No matter where faculty, staff and students are located across the Washington State University system, if they are concerned about a student’s wellbeing, there is a central place where they can seek help.
The Office of the Dean of Students has launched the Student Care Network, making it easier for people at all WSU locations to refer students who may need help.
Jill Creighton, associate vice president and dean of students in the Division of Student Affairs, said the Student Care Network evolved from what was formerly called the Aware Network, which was established on the Pullman campus over a decade ago.
“The new name, Student Care Network, clarifies for people that this service is focused on caring for students,” Creighton said. “It also emphasizes that it is all about connecting students with resources, letting them know they are valued and have a place to be heard while searching for purpose and success.”
Early intervention key
Those who make referrals on the network share a variety of concerns about students ranging from access to financial, home, or food security, to those who are diagnosed with a serious illness, struggling academically, or might need assistance advocating for themselves. Perhaps someone in their family back home is going through a difficult time. Creighton said the student care teams can do a lot to get students connected with the right people and places that can provide them help. The earlier they know about a student, the sooner they can reach out to them, if necessary.
By creating a website that can be located easily and utilized at all WSU locations, the goal is to remove any hesitancy faculty and staff may have in referring students who might need help. Creighton said she and her staff frequently hear that some people question whether to make a referral thinking the situation doesn’t rise to the level of needing intervention, or simply don’t know where to go to do so.
“We want community members to share information with us as early as possible because that is when we can do our best work, before it’s an emergency or a crisis,” Creighton said.
Since the beginning of July, the Office of the Dean of Students has helped over 1,250 students. Approximately 350 of them were referrals made on the Student Care (formerly the Aware) Network. Now that the network has expanded systemwide, Creighton anticipates that number will increase exponentially.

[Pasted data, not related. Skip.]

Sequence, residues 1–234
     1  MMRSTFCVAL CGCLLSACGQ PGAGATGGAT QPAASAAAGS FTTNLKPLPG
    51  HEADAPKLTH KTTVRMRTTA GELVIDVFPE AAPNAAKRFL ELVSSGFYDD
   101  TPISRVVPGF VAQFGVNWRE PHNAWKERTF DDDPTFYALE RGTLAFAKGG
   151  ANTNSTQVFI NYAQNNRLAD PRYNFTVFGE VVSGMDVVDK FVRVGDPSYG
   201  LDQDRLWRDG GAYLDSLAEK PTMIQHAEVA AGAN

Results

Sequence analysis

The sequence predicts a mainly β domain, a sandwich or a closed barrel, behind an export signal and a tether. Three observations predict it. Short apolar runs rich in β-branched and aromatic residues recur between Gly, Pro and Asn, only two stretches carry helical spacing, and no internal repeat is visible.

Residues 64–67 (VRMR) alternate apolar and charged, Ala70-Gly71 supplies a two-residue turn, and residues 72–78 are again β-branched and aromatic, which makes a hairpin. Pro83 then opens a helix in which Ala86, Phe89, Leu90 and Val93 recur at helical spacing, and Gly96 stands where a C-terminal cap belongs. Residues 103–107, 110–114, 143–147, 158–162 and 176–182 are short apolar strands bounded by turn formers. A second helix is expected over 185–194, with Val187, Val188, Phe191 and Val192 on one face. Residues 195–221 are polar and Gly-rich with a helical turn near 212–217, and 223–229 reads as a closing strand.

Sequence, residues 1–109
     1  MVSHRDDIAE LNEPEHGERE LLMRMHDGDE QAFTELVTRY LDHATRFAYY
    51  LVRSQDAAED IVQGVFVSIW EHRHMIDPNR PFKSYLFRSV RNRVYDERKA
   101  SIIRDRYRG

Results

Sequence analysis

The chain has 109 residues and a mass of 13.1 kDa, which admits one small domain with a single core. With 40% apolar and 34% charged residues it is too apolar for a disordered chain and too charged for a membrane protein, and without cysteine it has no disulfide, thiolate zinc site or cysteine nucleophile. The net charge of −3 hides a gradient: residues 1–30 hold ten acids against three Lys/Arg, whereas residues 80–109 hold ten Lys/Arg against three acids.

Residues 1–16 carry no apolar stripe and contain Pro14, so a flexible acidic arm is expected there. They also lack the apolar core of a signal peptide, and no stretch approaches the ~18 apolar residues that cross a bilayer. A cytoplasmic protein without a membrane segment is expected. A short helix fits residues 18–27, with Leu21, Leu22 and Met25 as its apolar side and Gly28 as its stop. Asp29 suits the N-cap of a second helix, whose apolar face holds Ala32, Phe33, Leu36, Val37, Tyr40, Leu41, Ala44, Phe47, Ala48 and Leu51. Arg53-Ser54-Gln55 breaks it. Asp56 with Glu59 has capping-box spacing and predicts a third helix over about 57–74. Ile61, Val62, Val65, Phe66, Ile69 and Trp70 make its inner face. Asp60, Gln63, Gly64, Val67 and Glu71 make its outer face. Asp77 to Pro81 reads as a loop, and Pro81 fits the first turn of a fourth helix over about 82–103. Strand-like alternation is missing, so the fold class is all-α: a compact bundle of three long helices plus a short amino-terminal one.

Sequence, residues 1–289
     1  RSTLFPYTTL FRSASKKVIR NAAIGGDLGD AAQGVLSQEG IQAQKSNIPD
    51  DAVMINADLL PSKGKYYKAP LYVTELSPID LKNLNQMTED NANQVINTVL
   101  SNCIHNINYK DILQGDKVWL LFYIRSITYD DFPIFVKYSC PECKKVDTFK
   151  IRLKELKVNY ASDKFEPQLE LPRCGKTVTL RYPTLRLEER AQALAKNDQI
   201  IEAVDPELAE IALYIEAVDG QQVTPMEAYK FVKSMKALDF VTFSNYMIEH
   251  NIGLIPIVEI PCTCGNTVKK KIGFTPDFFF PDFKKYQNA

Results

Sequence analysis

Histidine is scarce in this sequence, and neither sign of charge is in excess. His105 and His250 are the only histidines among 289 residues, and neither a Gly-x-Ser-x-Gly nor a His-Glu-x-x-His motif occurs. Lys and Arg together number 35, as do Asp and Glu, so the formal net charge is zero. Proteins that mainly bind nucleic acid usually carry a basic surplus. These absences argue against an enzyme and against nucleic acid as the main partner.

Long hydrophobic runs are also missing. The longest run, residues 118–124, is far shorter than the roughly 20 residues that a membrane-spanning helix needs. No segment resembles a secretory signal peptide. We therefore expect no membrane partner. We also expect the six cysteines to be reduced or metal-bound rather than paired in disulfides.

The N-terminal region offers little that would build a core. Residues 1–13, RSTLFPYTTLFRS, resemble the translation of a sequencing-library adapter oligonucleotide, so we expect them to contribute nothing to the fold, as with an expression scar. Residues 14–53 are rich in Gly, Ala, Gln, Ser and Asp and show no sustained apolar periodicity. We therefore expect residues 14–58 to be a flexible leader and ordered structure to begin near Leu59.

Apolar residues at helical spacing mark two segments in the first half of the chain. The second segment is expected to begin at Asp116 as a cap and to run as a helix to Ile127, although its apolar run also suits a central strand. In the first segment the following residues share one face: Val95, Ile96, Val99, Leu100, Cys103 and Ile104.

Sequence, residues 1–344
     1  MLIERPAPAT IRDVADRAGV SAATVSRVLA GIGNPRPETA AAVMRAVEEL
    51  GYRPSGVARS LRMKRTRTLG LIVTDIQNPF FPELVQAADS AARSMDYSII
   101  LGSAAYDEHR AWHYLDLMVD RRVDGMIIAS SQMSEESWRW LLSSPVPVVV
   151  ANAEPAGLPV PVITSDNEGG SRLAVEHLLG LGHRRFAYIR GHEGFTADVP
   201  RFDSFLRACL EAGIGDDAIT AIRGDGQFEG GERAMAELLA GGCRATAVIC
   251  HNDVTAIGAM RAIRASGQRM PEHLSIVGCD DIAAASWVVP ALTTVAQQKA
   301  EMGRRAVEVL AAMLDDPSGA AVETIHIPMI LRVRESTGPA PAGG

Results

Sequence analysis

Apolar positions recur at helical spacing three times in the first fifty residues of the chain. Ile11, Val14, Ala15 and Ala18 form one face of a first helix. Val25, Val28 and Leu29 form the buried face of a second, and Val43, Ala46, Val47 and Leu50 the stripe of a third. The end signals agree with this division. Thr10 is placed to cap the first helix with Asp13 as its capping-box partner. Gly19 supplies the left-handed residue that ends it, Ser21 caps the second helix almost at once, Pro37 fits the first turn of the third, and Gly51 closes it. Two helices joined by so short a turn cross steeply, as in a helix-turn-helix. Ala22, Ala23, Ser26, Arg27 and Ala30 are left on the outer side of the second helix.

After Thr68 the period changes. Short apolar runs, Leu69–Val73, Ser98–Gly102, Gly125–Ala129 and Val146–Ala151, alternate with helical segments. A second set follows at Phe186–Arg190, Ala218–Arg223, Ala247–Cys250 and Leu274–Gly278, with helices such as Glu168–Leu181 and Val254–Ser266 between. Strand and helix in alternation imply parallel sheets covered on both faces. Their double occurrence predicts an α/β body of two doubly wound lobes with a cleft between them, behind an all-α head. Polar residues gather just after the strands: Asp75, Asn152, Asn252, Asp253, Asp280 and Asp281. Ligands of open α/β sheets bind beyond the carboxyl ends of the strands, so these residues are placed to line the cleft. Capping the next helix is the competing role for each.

“We want the WSU community to know we are partners with them in the process of looking out for students,” she said. “We are an ear if they want to share thoughts with us. We provide an opportunity to approach situations from a different perspective, framework or ethic of care, because we are concerned about the holistic experience of our students.”
The word “network” in the name is significant for a couple of reasons. First, each campus has formalized a student care team, a network of individuals that can work together to respond to concerns about students. Student care teams consist of mental health and medical professionals, campus safety personnel, and others who can provide appropriate interventions and resources for the wellbeing and success of students. Secondly, being able to track all referrals from across the system in one place allows student care teams at each campus to assess trends and share resources across campuses.
Creighton said the Student Care Network is designed to help diffuse the responsibility and attitude of care throughout the entire institution.
“The notion that we can leverage resources across the system is huge and critical,” said Chris Meiers, vice chancellor of Student Affairs at WSU Tri-Cities. “The more that we are able to articulate the full slate of resources available to students, while still recognizing the unique needs on each campus, is going to improve retention and graduation across the board. That’s where this system will shine.”
Domanic Thomas, vice president of student affairs at WSU Vancouver, said it is much easier to get a roomful of experts together to brainstorm solutions on larger campuses. This work can be isolating for those on smaller campuses.
“Our hope is that users of this website, both on the front and backends, will find the experience seamless,” Thomas said. “Those referring students will feel there is more support from the system, and the responders know there are more hands-on-deck that can chip-in on high level issues.”
He said the Student Care Network will help them gain a full picture of where students may have had previous touchpoints with the institution. That will help them design a more effective plan, or “wrap-around support” as Thomas called it, to better address students’ immediate needs.
Creighton emphasized the Student Care Network does not serve as first responders. If a student poses an immediate threat to themselves or to others, people should call 911.